Prosecutors play a role in misconduct since they fail to show all proof accessible. This may make prosecutors have a favorable position over the defenders. Prosecutors additionally use proof that has been altered by cops. This happens because as Pollock states prosecutors are resistant from Section 1983 liability for their choice to indict or acts made in anticipation of or during preliminary (Pollock, p. 309). A relevant value that prosecutors ought to maintain is to be straightforward. I say this because prosecutors sometimes leave evidence out so that an individual look bad and this is not fair because if prosecutors know the individual is innocent, they should make sure the individual goes free.

As for defenders, they are made to give false evidence that results in wrongful convictions. They are viewed as lazy and ignorant because they violate their expert obligations and moral codes. As per Pollock, defense lawyers have moral obligations like prosecutors. They additionally have one of a obligation to their customer. They must choose whether to take a case or not, and they choose whether to urge a customer to consent to a plea deal (Pollock, p.5). Two important relevant values defenders ought to maintain is reasonableness and to work hard. I believe reasonableness is a decent value since defenders must give the individual a reasonable shot at demonstrating the innocence. I state hard work because it is difficult to go against prosecutors when they are fundamentally making the individual look awful in front of the jury and judge.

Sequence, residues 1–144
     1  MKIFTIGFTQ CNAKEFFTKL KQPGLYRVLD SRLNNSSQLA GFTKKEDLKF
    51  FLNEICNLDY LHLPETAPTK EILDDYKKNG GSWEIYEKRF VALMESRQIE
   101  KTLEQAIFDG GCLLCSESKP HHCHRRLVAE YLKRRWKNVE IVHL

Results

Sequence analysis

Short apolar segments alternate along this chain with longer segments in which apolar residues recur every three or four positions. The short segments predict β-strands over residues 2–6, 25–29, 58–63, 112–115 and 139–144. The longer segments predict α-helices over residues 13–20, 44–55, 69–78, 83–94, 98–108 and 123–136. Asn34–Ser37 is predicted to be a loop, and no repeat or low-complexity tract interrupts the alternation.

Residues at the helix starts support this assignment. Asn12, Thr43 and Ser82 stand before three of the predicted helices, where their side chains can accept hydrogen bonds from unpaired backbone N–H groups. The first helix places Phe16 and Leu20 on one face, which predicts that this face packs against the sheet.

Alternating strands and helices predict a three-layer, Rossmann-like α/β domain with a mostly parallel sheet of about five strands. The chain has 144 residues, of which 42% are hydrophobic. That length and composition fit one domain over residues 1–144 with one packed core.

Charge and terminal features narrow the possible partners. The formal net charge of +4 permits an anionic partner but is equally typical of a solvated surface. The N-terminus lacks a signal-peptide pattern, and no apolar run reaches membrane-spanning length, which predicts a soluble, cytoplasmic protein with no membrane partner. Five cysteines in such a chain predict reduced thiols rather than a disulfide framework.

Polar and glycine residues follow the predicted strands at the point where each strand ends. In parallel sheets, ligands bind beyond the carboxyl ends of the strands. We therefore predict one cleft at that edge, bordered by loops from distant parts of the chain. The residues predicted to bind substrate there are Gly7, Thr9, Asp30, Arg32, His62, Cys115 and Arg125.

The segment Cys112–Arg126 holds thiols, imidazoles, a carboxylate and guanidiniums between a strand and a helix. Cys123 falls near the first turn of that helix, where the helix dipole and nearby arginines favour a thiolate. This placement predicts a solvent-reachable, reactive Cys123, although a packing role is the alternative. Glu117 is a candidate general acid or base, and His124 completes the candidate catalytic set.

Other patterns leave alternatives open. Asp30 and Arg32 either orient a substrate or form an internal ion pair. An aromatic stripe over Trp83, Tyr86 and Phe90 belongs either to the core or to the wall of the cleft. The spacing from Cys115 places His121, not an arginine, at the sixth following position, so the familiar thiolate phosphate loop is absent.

The ethical problem for wrongful conviction is the level of competency of the judges, prosecutors, and defenders. The defender and the prosecutor play a role in leading the court towards conviction of a charged individual. The defender must do all possible to guarantee a guiltless suspect isn’t indicted by using all the evidence that shows the person isn’t guilty. The prosecutor must do their best to guarantee a suspect is discovered liable. Therefore, if the defender isn’t that well skilled, there will always be wrongful convictions. The judge should guarantee to apply the laws to make sure a decision is made based on the evidence. If this does not happen then wrongful conviction will continue to happen.